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AAPG Southwest Section Annual Convention

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Geologic Components of Shale Production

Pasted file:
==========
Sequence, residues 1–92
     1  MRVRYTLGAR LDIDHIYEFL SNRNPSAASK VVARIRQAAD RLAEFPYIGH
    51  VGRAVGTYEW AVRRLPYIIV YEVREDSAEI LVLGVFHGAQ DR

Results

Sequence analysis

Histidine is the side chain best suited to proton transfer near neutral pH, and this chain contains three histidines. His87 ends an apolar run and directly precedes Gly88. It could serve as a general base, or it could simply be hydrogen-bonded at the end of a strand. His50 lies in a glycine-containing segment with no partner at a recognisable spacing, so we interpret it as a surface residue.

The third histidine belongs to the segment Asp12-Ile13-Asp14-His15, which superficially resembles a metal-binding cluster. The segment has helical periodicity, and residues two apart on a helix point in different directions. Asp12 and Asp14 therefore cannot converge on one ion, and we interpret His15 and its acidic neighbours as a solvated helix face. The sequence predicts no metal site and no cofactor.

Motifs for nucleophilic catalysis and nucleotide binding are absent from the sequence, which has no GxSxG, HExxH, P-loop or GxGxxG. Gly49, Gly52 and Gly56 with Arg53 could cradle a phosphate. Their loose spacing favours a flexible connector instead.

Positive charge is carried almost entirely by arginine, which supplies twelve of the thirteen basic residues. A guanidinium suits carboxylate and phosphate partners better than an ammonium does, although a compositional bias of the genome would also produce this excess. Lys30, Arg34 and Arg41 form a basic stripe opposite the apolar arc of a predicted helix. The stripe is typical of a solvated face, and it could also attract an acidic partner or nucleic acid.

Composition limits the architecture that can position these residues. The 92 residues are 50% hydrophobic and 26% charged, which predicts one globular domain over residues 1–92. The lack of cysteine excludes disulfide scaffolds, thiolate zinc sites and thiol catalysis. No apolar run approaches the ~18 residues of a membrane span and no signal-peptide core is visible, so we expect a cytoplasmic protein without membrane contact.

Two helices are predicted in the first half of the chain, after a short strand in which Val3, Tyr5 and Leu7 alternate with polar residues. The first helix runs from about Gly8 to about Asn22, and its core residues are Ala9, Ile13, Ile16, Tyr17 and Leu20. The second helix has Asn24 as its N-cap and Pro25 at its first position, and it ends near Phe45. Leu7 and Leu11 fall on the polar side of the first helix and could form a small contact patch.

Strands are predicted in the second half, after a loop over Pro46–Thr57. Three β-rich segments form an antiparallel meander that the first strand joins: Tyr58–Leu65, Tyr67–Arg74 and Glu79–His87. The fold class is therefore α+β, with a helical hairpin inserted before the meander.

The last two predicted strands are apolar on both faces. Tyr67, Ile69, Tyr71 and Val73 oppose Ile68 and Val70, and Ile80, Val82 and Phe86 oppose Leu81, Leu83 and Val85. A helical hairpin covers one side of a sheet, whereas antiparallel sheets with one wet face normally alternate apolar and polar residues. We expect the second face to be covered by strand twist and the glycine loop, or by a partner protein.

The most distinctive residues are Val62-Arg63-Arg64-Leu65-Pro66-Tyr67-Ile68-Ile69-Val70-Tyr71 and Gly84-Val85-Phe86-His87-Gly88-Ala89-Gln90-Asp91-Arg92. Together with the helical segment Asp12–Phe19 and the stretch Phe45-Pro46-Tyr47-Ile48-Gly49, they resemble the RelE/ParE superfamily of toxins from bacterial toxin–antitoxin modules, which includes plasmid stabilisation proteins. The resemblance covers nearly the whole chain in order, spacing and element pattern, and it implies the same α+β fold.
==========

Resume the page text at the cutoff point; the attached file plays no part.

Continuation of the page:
Industry and investors recognized from the beginning that the traditional components of a field—reservoir, trap and charge—did not apply to shale production since the target formation provided all three. While it is mostly true that there are no dry holes in shale production, there is wide range of productivity, and many areas are unprofitable for geologic reasons. After years of delineation and experimentation we can now offer a model for what geologic components are necessary for profitable production: 1. Reservoir – sufficient thickness of a rock matrix able to contain and flow fluids 2. Geomechanics – the ability to create and to sustain a complex fracture network within the reservoir 3. Fluids – initial pressure and fluid type able to maintain a driving force Unlike defined accumulations for which the criteria are binary (present/absent), the components are mostly gradational. That is, quality exists on a spectrum, and better quality in one dimension compensates for worse in different dimension. There are, however, deal-killers which cannot be overcome by other dimensions.